Companies, like Disney, have been developing their advertisement strategies since the 1930s. A successful example of this is when Disney threw an already recognizable character, Mickey Mouse, in to all of their other products. (Schlosser 185). This is a smart strategy to use because the company expects the children to buy their new product, because they are already familiar with the character. This tactic showed its effectiveness when Disney’s “Snow White” was released in 1938, with large success with products like toys, books, clothes, and other merchandise (Schlosser 185). The children related these products to the movie, and the movie to the products. Familiarity and already loved characters seemed to sell Disney’s merchandise, and it is obvious that most modern advertising uses these ideals still today.
Ray Kroc was the driving force behind the image of The McDonald’s Corporation in its early days. He even took mirrored Walt Disney and his empire of targeting children to bring in business. In hopes of appealing to the children of 1960s America, Kroc introduc...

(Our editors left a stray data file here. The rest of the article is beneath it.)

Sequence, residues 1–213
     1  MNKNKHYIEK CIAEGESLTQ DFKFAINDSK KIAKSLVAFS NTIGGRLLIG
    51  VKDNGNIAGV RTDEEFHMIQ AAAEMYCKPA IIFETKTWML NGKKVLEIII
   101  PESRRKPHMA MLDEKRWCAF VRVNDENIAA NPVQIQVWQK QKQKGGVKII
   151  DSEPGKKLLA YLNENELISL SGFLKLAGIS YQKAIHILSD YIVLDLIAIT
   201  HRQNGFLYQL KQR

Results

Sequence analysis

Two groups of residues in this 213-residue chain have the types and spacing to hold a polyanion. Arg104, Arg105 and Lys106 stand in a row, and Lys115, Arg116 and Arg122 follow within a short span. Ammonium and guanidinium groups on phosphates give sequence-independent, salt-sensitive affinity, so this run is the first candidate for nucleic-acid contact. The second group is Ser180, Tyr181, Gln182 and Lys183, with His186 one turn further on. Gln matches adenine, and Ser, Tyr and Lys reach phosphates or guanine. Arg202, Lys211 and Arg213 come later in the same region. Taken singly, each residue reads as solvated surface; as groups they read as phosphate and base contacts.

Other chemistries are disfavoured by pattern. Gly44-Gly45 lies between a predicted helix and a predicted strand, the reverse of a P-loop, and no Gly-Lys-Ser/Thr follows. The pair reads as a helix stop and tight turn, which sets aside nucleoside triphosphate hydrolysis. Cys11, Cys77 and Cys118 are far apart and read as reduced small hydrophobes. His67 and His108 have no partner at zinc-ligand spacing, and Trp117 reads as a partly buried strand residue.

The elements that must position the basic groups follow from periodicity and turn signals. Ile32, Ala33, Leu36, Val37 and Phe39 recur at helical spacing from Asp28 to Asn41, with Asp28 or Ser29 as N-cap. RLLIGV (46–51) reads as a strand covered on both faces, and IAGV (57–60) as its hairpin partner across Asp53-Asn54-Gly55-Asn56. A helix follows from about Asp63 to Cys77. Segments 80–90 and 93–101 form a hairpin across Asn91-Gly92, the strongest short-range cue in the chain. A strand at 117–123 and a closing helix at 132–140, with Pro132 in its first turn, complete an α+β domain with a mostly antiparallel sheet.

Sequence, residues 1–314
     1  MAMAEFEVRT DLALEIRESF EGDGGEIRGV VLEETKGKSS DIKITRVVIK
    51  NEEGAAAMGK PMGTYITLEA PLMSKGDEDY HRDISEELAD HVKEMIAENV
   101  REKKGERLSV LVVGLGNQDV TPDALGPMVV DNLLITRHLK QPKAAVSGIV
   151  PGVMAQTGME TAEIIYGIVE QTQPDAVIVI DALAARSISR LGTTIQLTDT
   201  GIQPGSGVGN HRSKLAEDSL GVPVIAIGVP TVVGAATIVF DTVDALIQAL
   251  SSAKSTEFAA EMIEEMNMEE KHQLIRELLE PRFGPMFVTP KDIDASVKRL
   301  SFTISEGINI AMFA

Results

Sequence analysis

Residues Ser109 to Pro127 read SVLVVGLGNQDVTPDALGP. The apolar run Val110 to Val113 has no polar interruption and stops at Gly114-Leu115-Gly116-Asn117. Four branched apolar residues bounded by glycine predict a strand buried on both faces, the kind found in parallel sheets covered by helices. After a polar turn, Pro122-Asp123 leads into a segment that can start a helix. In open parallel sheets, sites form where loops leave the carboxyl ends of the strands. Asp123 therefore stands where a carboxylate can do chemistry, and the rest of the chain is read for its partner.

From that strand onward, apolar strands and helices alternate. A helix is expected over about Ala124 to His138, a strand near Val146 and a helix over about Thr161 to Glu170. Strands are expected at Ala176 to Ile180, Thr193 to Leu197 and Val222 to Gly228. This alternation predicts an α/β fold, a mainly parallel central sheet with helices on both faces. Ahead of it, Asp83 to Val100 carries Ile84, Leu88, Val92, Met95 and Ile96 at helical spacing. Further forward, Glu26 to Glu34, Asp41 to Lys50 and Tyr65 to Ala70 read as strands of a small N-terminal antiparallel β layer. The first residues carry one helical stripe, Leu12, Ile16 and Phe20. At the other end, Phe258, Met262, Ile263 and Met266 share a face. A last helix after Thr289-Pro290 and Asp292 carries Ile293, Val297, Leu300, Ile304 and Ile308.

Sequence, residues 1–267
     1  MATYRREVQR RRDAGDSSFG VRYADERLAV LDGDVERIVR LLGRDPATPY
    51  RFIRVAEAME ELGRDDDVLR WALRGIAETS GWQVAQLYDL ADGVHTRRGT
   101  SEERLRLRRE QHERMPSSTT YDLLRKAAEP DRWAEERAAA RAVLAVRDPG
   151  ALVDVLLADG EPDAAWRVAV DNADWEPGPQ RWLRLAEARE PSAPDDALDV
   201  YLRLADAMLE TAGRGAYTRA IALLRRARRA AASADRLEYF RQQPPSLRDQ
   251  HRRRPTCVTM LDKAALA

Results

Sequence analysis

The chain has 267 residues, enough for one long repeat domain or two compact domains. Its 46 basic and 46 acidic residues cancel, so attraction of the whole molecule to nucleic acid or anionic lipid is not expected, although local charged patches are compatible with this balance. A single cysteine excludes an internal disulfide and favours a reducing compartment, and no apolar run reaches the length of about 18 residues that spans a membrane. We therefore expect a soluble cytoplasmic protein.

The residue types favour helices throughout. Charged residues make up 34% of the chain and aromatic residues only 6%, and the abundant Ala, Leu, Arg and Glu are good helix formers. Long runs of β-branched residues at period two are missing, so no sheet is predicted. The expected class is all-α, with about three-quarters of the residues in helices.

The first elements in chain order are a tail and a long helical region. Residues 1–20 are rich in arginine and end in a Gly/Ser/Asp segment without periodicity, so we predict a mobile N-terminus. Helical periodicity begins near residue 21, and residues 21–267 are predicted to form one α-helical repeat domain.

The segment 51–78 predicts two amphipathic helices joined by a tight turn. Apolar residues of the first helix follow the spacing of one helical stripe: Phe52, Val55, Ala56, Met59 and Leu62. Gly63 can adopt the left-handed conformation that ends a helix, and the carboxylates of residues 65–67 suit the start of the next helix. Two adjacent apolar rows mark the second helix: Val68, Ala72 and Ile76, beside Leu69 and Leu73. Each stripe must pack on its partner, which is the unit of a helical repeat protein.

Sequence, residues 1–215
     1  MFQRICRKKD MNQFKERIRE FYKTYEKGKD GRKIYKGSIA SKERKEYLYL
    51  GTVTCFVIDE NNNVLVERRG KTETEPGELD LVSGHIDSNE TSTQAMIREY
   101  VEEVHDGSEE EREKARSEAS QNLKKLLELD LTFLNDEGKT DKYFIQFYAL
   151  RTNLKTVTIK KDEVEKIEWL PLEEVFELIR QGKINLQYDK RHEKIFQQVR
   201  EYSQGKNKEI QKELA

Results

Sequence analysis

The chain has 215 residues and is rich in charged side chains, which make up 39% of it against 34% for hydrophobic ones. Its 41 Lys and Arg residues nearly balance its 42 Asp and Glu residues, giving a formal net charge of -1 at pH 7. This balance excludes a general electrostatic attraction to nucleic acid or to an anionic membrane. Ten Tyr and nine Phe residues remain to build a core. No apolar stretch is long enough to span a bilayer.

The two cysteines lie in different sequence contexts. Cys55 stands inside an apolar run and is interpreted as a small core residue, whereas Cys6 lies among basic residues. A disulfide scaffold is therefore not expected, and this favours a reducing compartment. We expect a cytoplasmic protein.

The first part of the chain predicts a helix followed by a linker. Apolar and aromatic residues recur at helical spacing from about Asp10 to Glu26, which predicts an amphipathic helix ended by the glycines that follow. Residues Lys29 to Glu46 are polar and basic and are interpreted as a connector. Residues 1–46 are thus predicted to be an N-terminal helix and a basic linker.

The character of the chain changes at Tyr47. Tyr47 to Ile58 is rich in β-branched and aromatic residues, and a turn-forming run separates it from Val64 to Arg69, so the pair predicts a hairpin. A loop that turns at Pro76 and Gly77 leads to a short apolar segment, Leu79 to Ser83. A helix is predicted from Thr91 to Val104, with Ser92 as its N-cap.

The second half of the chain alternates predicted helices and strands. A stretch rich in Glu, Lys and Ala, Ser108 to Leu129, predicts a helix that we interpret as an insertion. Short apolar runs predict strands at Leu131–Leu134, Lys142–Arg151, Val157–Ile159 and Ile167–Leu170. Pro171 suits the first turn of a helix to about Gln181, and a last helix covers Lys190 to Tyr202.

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...ttle stand close together, ultimately in one another’s fecal matter, and then go into one single machine to be grinded together. (“Colbert”). This description builds an unsettling image and the sense that their manure ends up in our meat. Every person in our society should be aware of how their food is handled before they get their hands on it. This type of disturbing manufacturing is not just for the meat we eat from fast food restaurants but from all the meat we buy at the store.
“Colbert Report- Eric Schlosser.” Colbert Nation. Comedy Partners, 2009. Web. 23
“Food, Inc.” Hungry For Change. Food, Inc, N.d.. Web. 23 March 2010.
Schlosser, Eric. “Your Trusted Friends.” They Say I Say: The Moves that Matter in
Academic Writing with Readings. Ed. Gerald Graff, Cathy Birkenstein, and
Russel Durst. New York: Norton, 2009. 182-99.
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